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In the last few years, more and more brands (e.g. Mailchimp, Dropbox, WeTransfer and numerous more), tend to decorate their user experience…
Written on March 26, 2020 ·
2 min read

Why I decided to move from cra to Next.js

For MagicPattern, I applied the principle “do things that don’t scale”. Rushing to build and launch the app was my top priority. Then, I had no time to worry about performance or SEO.

However, my priorities shifted after the idea’s validation. Now it’s the time to try new things and SEO is one of them.

Moving away from the create-react-app project was a fact. It’s a great solution for web app but not good at all to tackle SEO. Basically, there is no (easy) way to add dynamic metatags. A very important thing if you want to gain organic traffic from your posts. At the same time, your pages are not crawlable by Google’s bots.

GastbyJS was my state-of-the-art React framework for marketing websites focused on performance and SEO-friendly. It’s a total time saver. However, it has a couple of annoying drawbacks.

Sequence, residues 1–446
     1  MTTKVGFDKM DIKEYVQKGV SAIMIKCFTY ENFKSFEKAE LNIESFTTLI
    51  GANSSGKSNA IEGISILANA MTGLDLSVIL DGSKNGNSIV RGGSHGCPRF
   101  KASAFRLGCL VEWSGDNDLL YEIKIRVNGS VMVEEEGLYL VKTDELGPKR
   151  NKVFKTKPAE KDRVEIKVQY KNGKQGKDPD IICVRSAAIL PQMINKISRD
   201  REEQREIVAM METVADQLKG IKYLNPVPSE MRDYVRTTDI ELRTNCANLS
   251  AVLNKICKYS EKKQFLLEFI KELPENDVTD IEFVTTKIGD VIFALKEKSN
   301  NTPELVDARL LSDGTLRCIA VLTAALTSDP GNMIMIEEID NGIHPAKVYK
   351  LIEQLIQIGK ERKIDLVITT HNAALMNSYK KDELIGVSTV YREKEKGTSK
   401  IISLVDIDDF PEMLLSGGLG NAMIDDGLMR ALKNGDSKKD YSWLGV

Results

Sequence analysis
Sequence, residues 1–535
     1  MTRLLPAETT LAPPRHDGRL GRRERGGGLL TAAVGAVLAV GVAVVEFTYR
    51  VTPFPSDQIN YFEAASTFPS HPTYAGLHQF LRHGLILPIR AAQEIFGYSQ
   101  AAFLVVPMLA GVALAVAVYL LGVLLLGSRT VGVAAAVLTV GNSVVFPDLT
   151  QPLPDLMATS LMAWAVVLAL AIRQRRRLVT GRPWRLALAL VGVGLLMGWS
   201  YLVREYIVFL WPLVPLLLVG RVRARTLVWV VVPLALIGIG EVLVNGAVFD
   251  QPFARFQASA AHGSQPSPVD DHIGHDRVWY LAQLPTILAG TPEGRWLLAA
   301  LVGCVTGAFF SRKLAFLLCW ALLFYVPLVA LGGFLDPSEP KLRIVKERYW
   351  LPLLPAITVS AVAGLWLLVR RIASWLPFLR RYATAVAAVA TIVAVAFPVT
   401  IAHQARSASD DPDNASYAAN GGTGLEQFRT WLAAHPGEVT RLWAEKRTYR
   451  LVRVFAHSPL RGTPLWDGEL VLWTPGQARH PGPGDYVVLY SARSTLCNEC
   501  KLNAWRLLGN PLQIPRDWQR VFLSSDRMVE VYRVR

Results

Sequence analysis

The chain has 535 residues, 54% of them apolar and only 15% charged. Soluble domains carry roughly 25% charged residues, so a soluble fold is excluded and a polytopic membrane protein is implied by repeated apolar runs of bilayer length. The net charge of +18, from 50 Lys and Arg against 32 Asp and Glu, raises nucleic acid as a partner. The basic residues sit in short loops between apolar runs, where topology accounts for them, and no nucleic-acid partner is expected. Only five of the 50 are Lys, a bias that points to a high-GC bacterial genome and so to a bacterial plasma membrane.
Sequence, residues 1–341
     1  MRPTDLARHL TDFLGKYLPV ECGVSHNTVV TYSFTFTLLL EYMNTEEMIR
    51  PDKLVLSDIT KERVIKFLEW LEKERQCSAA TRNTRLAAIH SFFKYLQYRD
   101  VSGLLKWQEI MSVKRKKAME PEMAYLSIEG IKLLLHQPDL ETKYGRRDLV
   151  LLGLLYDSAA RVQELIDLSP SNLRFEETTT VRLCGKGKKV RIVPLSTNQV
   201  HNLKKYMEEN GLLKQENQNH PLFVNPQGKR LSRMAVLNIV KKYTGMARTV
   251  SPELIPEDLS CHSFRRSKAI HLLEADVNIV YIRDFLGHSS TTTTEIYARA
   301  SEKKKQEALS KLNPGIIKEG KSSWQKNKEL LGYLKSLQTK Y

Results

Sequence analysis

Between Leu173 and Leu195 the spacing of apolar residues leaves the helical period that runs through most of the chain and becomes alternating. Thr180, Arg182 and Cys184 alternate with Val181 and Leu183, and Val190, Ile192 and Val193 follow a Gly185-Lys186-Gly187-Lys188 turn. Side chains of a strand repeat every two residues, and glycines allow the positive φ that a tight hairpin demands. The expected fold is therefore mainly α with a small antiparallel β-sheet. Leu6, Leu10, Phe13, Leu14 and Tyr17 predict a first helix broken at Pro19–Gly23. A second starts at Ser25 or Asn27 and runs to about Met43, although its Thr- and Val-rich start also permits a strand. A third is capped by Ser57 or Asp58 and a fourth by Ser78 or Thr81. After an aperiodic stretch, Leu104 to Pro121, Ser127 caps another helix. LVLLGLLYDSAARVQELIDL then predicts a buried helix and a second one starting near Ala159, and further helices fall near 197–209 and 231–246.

The build time is really long (even 10 minutes for a simple blog with 20 posts)! Another bad point is the extensive usage of plugins. They solve time and make your life easier, yet it is highly annoying to spend 1 day to set up a simple Gatsby blog from scratch. Especially when your app is ready and you just have to hook it up into another framework.

For my use case, I wanted the most effortless solution to move from an existing cra to an SEO friendly React framework.

Then, I decided to give Next.js a try. The hype is huge lately for Vercel and it’s products. It was a great opportunity for me to get my hands dirty with Next.js.

It took me only a couple of hours to transform the CRA to Next.js. And my first impression are the greatest.

  • Top DX

  • Easy tooling

  • Very few setup boilerplate

THe biggest hassle was to transform react-router-dom to next/link and to=> href

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